(May 25, 2021) In Ontario alone, 2,050 people died because of opioid-related deaths between March 16, 2020, to December 31, 2020, representing a 79 per cent increase in opioid-related deaths, says a report issued by Toronto’s St. Michael’s Hospital last week.
Across the country, Public Health Canada reported in the six months following the implementation of the COVID-19 prevention measures (April to September 2020) there were 3,351 apparent opioid-related deaths, representing a 74% increase from the six months prior.
Ontario researchers found more than half of opioid-related deaths occurred among people who were unemployed at the time of their death. One in six was homeless. Of those who were employed, approximately one-third of opioid-related deaths occurred among people in the construction industry.
The report also said some of the largest increases in opioid-related deaths occurred among northern and rural parts of the province, such as North Bay, Sudbury, Thunder Bay and Timmins.
Almost three-quarters of the people who died (73 per cent) died alone.
Researchers attributed the dramatic increase to an increasingly volatile unregulated drug supply during the pandemic. There was a 10-fold increase in the detection of non-prescription benzodiazepines in opioid-related deaths observed during the pandemic. Common trade names for benzodiazepines are Ativan, Librium, Xanax, and Valium.
Naloxone administration will reverse the effects of the opioids involved; however, it does not reverse the extreme sedation from benzodiazepines.
“The COVID-19 pandemic has not only worsened the existing overdose crisis in Ontario, but is disproportionately impacting people who are vulnerably housed and who are attempting to navigate risks of COVID-19 infection and an increasingly volatile drug supply,” said Dr. Tara Gomes, a Scientist at the Li Ka Shing Knowledge Institute of St. Michael’s Hospital and a Principal Investigator of the Ontario Drug Policy Research Network (ODPRN).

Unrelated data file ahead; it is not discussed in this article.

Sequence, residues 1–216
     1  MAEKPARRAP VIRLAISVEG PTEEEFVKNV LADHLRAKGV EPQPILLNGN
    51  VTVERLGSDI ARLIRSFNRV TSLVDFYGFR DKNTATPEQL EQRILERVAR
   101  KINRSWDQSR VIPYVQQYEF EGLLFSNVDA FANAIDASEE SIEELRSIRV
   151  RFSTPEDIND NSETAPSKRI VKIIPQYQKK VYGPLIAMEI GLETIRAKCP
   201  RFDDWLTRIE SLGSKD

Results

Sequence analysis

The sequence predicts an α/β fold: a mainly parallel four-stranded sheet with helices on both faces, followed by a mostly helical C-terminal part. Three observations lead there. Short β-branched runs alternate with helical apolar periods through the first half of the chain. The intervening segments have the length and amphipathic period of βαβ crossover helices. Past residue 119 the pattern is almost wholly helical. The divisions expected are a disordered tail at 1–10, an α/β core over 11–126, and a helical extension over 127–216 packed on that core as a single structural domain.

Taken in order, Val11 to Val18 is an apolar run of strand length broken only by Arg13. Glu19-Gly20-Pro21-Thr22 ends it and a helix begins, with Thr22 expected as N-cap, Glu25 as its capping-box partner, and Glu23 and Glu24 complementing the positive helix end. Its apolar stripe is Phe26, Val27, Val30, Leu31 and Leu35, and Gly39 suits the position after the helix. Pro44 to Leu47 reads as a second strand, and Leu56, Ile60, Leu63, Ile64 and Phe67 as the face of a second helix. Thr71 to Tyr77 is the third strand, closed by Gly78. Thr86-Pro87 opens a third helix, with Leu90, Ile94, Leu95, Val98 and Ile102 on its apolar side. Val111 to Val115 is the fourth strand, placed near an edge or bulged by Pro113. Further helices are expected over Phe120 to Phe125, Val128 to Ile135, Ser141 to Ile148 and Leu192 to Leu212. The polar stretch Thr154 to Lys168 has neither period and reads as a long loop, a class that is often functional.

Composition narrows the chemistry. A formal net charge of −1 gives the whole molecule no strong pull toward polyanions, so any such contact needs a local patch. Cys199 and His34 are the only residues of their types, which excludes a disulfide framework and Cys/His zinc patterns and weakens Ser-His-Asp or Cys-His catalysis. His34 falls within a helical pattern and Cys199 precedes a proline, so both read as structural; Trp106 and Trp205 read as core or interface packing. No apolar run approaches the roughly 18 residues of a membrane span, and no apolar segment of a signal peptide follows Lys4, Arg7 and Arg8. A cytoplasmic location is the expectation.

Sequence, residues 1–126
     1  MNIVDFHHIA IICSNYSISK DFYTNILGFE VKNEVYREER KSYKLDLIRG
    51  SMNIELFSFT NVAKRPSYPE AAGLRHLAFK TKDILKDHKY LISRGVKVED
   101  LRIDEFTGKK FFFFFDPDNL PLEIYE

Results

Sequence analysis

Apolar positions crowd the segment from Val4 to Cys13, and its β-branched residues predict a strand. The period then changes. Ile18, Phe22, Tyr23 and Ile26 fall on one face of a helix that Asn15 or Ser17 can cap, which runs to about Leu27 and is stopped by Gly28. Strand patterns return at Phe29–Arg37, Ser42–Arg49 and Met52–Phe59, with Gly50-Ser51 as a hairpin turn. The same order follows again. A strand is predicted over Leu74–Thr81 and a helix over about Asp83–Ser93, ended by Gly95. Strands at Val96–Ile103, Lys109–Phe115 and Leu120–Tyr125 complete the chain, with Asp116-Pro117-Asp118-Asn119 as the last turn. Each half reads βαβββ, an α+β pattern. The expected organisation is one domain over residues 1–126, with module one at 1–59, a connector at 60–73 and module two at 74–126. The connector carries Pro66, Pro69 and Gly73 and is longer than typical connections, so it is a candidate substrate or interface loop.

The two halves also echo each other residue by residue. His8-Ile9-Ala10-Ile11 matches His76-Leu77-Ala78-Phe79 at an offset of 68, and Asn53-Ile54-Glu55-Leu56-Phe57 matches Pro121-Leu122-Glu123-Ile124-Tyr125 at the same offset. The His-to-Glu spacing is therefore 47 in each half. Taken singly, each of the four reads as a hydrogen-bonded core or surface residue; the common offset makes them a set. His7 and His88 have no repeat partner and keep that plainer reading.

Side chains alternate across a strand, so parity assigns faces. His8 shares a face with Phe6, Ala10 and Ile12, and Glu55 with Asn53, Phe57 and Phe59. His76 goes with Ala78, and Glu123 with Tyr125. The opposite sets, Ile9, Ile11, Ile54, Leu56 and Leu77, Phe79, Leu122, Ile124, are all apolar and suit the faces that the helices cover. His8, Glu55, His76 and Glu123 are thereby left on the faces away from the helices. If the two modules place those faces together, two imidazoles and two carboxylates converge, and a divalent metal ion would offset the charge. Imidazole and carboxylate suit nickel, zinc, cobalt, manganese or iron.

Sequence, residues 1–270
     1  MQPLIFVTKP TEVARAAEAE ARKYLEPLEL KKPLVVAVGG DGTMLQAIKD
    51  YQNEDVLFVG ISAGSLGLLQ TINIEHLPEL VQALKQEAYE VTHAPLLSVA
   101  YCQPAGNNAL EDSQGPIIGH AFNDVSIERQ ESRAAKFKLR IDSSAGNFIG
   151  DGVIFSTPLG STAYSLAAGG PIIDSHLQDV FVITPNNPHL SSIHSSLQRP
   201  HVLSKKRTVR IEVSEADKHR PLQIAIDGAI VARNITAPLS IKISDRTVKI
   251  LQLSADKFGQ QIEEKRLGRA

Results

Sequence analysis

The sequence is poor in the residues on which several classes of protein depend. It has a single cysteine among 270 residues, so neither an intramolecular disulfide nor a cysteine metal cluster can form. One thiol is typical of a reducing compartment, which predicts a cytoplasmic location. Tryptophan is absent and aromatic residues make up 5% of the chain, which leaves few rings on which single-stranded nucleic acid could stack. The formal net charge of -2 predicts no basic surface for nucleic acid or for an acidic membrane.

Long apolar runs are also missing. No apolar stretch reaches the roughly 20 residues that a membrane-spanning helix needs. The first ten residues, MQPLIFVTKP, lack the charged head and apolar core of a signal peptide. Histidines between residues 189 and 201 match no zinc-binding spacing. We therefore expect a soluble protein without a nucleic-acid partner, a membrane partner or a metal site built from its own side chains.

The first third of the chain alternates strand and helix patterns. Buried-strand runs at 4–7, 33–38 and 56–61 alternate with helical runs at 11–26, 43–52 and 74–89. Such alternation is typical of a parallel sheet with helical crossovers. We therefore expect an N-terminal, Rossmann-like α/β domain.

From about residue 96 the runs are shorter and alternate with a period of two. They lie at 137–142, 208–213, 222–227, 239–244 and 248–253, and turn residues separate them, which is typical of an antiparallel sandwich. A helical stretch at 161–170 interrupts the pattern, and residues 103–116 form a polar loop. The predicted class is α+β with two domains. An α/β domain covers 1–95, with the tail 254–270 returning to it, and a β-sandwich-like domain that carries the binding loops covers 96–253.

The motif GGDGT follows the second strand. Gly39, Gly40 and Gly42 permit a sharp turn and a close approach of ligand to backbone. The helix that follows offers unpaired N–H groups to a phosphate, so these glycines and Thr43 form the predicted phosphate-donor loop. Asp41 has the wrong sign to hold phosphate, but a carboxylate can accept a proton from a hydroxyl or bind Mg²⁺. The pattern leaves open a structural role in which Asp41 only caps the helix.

“We are losing hundreds of lives to this crisis every month in Ontario, and the situation continues to worsen. These data reinforce the urgency of the overdose crisis in Ontario, and the need for a rapid, coordinated response by all levels of government to provide emergency funding and support for community-based harm reduction programs throughout the province,” said Dr. Gomes.
Among the homeless population who died, researchers noted a shift in where they died. There was a three-fold increase in opioid-related deaths that occurred in hotels, motels, and inns (5.9% to 20.4%). And “although the prevalence declined, the absolute number of opioid-related deaths that occurred in shelters or supportive living spaces nearly doubled, despite less access to shelter beds throughout the pandemic.”
“The increased number of opioid-related deaths during the COVID-19 pandemic is a stark reminder of the breadth and reach of the overdose crisis in Ontario.” said Dr. Dirk Huyer, Chief Coroner for Ontario. “Family, friends and communities are losing loved ones and we are working to understand how to respond to the crisis in the most effective way.”
The report concludes by saying “rapid action is needed to support people who use drugs as this pandemic continues to evolve.
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Feature Photo by Mat Napo.